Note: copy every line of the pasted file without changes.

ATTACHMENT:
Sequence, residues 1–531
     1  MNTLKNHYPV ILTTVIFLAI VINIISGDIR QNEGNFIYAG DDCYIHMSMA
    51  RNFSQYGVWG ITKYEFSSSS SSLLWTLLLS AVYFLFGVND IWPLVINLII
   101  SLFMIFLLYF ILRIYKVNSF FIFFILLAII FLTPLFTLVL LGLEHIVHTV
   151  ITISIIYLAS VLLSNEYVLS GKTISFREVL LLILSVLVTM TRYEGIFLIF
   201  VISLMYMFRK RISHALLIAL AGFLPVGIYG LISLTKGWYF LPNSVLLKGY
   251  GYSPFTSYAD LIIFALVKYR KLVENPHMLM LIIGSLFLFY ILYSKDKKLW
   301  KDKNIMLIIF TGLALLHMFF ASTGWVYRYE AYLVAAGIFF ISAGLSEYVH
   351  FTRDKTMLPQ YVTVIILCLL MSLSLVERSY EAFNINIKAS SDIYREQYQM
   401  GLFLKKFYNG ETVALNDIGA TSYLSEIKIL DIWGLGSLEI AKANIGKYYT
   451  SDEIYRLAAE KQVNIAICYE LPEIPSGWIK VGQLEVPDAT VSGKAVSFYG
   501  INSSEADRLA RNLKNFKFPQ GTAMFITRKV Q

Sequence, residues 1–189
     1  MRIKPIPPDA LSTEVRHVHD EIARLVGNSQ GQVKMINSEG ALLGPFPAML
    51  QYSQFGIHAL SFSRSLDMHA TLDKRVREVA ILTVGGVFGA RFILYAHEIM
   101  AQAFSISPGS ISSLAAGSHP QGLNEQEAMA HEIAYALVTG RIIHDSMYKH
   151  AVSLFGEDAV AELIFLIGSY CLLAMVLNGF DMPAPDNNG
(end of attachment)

Sequence, residues 1–531
     1  MNTLKNHYPV ILTTVIFLAI VINIISGDIR QNEGNFIYAG DDCYIHMSMA
    51  RNFSQYGVWG ITKYEFSSSS SSLLWTLLLS AVYFLFGVND IWPLVINLII
   101  SLFMIFLLYF ILRIYKVNSF FIFFILLAII FLTPLFTLVL LGLEHIVHTV
   151  ITISIIYLAS VLLSNEYVLS GKTISFREVL LLILSVLVTM TRYEGIFLIF
   201  VISLMYMFRK RISHALLIAL AGFLPVGIYG LISLTKGWYF LPNSVLLKGY
   251  GYSPFTSYAD LIIFALVKYR KLVENPHMLM LIIGSLFLFY ILYSKDKKLW
   301  KDKNIMLIIF TGLALLHMFF ASTGWVYRYE AYLVAAGIFF ISAGLSEYVH
   351  FTRDKTMLPQ YVTVIILCLL MSLSLVERSY EAFNINIKAS SDIYREQYQM
   401  GLFLKKFYNG ETVALNDIGA TSYLSEIKIL DIWGLGSLEI AKANIGKYYT
   451  SDEIYRLAAE KQVNIAICYE LPEIPSGWIK VGQLEVPDAT VSGKAVSFYG
   501  INSSEADRLA RNLKNFKFPQ GTAMFITRKV Q

Sequence, residues 1–189
     1  MRIKPIPPDA LSTEVRHVHD EIARLVGNSQ GQVKMINSEG ALLGPFPAML
    51  QYSQFGIHAL SFSRSLDMHA TLDKRVREVA ILTVGGVFGA RFILYAHEIM
   101  AQAFSISPGS ISSLAAGSHP QGLNEQEAMA HEIAYALVTG RIIHDSMYKH
   151  AVSLFGEDAV AELIFLIGSY CLLAMVLNGF DMPAPDNNG